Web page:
How to Make Eye Contact With a Girl

Опубликовал Admin
4-07-2021, 02:00
Making eye contact with a girl is the first step toward creating a meaningful connection with her. But, unfortunately, it can also be an extremely difficult, intimidating, and nerve-racking process. With a little patience and practice, however, you can overcome any anxiety that you may have and be well on your way to making clear and confident eye contact.

Making Eye Contact with a Girl

  1. Find someone you may be interested in meeting. This can be anywhere... a book store, bar, restaurant, shopping center, etc.
    • If you find someone at a place you visit frequently, chances are you may have something in common. Something to talk about, perhaps.
  2. Relax. Narrow and tense eye's tend to convey a negative or angry disposition, so do your best to maintain your calm. A calm demeanor will put people at ease and make them feel more comfortable speaking with you.
  3. Glance casually in her direction. Every so often, gaze over at her. Does she seem to be trying to make eye contact with you?
  4. Don't stare. Staring at people is not only rude, but it also makes people feel very uncomfortable. If you don't catch her eye, she may be uninterested or preoccupied. Even worse, you may be offended that you are staring.
    • If someone is unwilling to make eye contact with you, or seems to be avoiding it, this may be an indicator that she is not interested in speaking or meeting you.
  5. Meet her gaze with a smile. If the two of you make eye-contact, be sure to relax and smile. Again, an easy smile will make people feel more comfortable.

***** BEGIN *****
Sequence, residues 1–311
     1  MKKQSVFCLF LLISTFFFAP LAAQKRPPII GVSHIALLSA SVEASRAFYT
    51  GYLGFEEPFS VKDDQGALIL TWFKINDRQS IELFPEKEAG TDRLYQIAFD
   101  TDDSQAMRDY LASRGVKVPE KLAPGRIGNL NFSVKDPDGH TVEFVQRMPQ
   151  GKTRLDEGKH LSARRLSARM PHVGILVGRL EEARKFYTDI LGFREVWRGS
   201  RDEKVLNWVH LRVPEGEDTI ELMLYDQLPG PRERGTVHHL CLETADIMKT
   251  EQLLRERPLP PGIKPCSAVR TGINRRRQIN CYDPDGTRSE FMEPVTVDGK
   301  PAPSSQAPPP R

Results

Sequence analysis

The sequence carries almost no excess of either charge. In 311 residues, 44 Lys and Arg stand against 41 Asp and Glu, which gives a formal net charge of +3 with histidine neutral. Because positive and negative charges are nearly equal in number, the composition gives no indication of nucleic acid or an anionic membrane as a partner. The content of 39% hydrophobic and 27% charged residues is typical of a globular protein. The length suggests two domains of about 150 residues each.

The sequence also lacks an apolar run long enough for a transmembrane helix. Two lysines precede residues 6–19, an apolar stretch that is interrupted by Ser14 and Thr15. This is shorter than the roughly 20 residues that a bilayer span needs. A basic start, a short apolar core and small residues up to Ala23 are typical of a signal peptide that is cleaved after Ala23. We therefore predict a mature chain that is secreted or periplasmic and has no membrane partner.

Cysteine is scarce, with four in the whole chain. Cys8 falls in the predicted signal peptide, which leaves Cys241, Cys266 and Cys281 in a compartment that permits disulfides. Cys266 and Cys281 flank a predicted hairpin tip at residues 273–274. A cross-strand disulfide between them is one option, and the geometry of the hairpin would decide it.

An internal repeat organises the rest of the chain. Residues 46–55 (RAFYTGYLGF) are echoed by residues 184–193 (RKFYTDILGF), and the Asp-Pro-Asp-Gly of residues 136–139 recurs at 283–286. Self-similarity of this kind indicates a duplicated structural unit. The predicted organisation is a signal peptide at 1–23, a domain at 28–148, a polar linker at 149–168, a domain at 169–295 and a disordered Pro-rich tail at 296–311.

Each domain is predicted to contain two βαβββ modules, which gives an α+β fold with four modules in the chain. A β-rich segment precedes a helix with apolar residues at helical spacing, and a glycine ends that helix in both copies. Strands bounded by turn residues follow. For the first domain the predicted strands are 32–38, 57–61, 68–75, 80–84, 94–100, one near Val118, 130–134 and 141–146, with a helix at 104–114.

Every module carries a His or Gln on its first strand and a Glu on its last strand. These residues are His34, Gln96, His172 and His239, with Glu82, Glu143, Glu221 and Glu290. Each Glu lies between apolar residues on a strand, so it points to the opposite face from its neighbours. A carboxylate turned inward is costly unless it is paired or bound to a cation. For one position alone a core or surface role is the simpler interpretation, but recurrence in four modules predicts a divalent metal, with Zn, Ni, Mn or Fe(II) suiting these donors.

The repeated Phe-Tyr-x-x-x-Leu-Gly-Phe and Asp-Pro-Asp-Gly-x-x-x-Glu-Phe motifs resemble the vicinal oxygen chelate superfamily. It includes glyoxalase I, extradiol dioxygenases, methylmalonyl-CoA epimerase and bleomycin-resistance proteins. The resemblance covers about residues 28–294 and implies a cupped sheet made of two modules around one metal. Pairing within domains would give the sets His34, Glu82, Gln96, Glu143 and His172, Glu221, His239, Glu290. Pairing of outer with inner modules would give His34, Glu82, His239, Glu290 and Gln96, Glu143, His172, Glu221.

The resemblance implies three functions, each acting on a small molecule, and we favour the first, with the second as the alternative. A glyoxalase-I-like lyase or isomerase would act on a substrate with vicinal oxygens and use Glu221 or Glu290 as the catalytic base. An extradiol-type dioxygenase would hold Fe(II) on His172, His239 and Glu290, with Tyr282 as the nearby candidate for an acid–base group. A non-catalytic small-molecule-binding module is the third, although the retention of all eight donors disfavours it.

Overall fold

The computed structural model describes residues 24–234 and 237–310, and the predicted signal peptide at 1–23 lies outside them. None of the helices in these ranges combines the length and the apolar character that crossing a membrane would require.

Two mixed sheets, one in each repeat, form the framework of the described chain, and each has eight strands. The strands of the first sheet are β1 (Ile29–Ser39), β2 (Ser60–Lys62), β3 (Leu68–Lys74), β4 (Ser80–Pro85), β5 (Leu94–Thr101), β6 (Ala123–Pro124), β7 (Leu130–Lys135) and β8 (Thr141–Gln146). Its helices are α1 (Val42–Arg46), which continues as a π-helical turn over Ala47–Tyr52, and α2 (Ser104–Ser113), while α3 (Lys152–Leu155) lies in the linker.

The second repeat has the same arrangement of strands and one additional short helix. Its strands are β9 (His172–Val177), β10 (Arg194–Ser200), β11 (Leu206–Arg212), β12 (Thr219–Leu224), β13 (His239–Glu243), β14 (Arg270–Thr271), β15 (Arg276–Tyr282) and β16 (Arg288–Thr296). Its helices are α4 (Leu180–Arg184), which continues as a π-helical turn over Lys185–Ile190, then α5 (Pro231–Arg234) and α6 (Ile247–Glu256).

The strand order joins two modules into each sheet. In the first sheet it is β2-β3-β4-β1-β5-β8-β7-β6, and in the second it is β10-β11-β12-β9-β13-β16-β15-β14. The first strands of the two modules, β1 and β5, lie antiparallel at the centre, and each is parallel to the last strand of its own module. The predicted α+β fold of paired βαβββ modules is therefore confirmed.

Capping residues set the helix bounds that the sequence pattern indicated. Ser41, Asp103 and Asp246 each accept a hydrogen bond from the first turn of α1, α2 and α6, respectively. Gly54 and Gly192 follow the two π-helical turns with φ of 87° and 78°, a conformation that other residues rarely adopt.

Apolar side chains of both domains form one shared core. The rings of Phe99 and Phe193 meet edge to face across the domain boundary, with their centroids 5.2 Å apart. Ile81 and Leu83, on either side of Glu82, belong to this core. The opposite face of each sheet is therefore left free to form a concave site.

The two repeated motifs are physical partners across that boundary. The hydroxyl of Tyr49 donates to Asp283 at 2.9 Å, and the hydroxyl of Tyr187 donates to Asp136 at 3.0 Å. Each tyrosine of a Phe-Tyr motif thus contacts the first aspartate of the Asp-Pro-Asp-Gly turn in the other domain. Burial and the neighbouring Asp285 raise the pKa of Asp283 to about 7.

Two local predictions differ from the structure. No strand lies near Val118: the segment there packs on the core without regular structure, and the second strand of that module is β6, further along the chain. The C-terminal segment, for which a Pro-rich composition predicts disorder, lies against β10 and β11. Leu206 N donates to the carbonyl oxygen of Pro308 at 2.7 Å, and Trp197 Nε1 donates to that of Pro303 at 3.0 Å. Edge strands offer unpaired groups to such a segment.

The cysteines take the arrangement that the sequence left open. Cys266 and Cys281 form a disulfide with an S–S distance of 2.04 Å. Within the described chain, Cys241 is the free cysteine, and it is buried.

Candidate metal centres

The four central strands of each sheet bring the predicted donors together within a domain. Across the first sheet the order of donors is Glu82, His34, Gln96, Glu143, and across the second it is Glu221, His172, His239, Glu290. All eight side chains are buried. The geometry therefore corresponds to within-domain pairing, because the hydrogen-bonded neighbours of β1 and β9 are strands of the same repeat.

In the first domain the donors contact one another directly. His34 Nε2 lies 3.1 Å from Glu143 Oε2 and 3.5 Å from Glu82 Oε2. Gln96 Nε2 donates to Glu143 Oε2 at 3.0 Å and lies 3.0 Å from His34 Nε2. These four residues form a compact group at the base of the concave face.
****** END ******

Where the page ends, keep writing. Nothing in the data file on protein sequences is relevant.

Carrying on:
6. Avoid examining her. Looking intensely at a person--even when eye contact has been established--can be rude and intimidating, even demeaning.
  7. Try to read her facial expression. Although this is highly subjective and is in now way a perfect science, do your best to interpret any expression she may have made. Did she return the smile? Or, did she politely nod? A smile may be an indicator of interest, while a nod just the opposite. Blinking or batting of the eyes can also be an indicator of interest.
    • Did she raise her eyebrows? This can be a way of saying hello or communicating further interest.
    • Were her eyes wide open? This can be a way of communicating happiness or joy, even a feeling of ease.
    • Did she seem to be lowering her chin, appearing to be looking up at you? This too can be a sign that she may be interested in meeting you.
  8. Let her be the first to break eye contact. Don't look away until she does. This will communicate that you are interested in speaking to her.
    • The longer she maintains eye contact, the more likely it is that she may be interested in meeting you.
  9. Continue to look. After she breaks eye contact with you, continue looking in her general direction for another second or two. If she looks back, make eye contact with her once again and smile.
    • If she looks back, it may be an indicator that she is interested in meeting and/or speaking to you.

Overcoming a Fear of Eye Contact

  1. Relax. Although it can be very intimidating to make eye contact with someone you don't know, you need to do your best to maintain a calm demeanor. Nobody likes being looked-at with nervous, intense, or over-anxious eyes.
    • The person you may wish to make eye contact with may be nervous as well. If you maintain a calm demeanor, you might be able to make them feel more at ease.
    • Intense or anxious stares may suggest hostility or anger--the opposite of what you are trying to convey.
  2. Practice your smile in the mirror. This may sound silly, but if you aren't in the practice of making eye contact with people, then you might not be in the practice of producing a gentle gaze or smile. You may not actually be "staring" at someone, but the look on your face may suggest otherwise. This can make people feel very uneasy.